Within days of the Iowa grand jury story receiving national headlines, the Justice Department withdrew the subpoenas. Bruce Nestor, a Minneapolis attorney and past president of NLG who worked on the case, told that it was the "tremendous response from across the political spectrum condemning the use of the grand jury," that got the subpoenas quashed.

"In the two years since 9/11, we have heard one refrain from the Justice Department every time the executive branch seeks to arrogate more power to itself: 'trust us, we're the government,'" Benjamin Stone, executive director of the Iowa ACLU, pointed out. "But, if it is going to be issuing secretive slapdash subpoenas and then rescinding them to save face, how can we trust that more expansive surveillance and investigative powers will be used properly?"

"It's really hard to tell what this means in a broader or policy sense for the Department of Justice," Nestor said. "Clearly the FBI memo reported by The New York Times in October, directed the joint terrorism task forces to compile info about political protesters. The actions of the U.S. attorney's office in Iowa appear to be consistent with the directive in that memo."

"Whether that means that the Department of Justice intends to expand the use of the grand jury to investigate political protest movements is unclear. In this instance they clearly used the grand jury fore that purpose."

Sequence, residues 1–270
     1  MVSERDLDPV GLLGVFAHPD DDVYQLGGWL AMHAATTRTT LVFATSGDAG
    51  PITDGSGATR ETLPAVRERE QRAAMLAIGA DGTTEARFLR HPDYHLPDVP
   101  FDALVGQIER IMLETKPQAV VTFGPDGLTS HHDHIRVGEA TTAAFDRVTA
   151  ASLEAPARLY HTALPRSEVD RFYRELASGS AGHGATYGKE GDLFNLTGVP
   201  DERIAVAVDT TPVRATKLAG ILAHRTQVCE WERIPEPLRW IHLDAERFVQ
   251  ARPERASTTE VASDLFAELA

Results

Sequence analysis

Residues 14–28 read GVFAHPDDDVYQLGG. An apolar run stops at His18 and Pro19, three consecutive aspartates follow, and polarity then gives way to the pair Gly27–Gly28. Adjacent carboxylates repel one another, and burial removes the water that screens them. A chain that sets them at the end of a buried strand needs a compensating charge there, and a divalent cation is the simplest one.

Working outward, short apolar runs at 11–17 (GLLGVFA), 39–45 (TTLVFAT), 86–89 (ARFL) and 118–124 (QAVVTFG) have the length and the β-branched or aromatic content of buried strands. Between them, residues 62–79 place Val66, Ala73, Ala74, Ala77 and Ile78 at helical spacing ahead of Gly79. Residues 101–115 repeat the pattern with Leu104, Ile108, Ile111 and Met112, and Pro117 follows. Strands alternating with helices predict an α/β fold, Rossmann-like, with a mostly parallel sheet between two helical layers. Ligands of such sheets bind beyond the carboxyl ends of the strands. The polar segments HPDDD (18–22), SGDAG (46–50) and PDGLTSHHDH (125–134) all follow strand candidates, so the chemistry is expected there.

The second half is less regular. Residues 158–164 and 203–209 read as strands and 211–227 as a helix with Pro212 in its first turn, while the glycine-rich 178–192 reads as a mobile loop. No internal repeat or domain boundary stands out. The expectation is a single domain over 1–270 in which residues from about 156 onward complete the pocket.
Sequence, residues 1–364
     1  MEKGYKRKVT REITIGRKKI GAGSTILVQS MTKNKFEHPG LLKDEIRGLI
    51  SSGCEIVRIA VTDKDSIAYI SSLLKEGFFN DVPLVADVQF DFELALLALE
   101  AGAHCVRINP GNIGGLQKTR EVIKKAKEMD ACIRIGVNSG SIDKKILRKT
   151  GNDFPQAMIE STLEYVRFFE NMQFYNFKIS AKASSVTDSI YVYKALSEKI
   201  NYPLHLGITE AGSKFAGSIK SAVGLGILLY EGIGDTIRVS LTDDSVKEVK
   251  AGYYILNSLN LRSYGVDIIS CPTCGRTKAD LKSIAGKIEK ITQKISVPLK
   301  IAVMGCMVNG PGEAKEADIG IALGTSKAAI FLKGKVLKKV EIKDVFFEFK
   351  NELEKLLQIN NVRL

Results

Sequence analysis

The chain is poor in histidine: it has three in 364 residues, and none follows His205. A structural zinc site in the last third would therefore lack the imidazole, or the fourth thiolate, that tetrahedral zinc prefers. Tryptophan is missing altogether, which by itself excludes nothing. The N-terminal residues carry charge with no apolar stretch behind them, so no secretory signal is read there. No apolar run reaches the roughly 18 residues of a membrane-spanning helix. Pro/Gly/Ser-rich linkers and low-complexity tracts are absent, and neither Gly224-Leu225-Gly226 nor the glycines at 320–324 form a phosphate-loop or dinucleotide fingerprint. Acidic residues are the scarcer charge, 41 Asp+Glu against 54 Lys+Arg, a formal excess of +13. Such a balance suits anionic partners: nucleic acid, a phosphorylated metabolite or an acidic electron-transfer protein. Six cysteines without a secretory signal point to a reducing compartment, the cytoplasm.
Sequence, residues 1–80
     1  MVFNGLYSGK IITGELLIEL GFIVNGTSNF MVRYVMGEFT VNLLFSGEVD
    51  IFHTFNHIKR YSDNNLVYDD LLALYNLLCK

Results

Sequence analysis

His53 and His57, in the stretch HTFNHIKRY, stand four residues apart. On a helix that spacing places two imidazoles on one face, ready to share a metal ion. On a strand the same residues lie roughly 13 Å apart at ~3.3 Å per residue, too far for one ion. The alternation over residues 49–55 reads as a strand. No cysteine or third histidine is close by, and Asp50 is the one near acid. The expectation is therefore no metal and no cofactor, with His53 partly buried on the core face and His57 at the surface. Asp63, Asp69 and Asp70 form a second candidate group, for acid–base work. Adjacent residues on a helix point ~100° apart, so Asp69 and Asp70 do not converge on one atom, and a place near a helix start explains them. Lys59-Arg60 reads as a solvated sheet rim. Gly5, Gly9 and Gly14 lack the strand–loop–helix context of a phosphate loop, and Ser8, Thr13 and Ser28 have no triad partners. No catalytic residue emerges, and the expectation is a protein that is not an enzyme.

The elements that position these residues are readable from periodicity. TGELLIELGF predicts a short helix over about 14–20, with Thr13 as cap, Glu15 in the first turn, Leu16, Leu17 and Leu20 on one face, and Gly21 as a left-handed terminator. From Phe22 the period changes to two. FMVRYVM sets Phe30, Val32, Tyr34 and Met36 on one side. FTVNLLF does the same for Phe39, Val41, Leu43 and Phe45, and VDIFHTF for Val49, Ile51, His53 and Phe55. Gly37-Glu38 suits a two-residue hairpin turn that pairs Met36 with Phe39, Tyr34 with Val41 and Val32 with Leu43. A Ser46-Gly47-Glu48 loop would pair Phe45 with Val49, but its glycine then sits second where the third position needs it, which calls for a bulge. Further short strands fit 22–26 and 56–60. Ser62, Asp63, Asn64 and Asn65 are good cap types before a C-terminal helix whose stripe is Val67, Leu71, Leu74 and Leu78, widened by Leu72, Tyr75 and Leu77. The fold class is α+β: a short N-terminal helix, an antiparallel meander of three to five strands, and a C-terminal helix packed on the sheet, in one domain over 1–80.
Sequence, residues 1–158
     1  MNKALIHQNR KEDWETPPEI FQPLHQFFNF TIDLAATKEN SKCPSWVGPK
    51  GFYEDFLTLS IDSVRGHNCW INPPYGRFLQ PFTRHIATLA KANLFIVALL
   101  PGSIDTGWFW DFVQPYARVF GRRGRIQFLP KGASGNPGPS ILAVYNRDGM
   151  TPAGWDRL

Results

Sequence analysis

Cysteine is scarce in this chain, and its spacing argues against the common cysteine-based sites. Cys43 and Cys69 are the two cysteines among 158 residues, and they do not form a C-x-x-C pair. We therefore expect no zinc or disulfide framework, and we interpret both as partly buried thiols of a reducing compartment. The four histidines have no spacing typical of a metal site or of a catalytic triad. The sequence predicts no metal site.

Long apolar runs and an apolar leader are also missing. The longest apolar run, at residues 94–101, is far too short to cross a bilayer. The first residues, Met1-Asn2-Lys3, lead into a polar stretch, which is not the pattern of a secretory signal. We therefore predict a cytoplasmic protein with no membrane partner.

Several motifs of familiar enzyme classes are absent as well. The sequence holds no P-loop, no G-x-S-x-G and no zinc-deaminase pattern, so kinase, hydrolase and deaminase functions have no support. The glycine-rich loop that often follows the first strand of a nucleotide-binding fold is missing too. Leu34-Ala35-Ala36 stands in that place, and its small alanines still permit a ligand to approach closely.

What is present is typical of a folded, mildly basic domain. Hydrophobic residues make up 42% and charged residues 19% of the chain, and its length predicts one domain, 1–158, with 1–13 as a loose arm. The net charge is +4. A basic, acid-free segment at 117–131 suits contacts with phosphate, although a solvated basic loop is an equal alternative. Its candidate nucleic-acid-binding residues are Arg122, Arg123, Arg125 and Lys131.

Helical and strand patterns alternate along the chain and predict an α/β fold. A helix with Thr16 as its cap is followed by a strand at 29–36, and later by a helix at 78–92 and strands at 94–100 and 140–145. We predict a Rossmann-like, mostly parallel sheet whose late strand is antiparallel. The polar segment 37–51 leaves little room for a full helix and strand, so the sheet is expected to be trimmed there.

Maybe the convening of the grand jury was merely a trial balloon sent up by the DOJ. Perhaps it was the actions of an overwhelmed U.S. attorney in Iowa. Whatever the reason for the subpoenas, Nestor sees it as part of "a pattern of events taking place across the country."

During the past year, police agencies across the country have not only been gathering information, but have used strong-armed tactics against peaceful political demonstrators. In early April, acting on warnings from the California Anti-Terrorism Information Center, the Oakland, Calif. police department indiscriminately fired wooden slugs at and injured several of non-violent anti-war protesters�and several non-protesting port workers as well�demonstrating at the Port of Oakland.

"You can make an easy kind of a link that, if you have a protest group protesting a war where the cause that's being fought against is international terrorism, you might have terrorism at that [protest]," CATIC spokesperson Mike Van Winkle said. "You can almost argue that a protest against that is a terrorist act."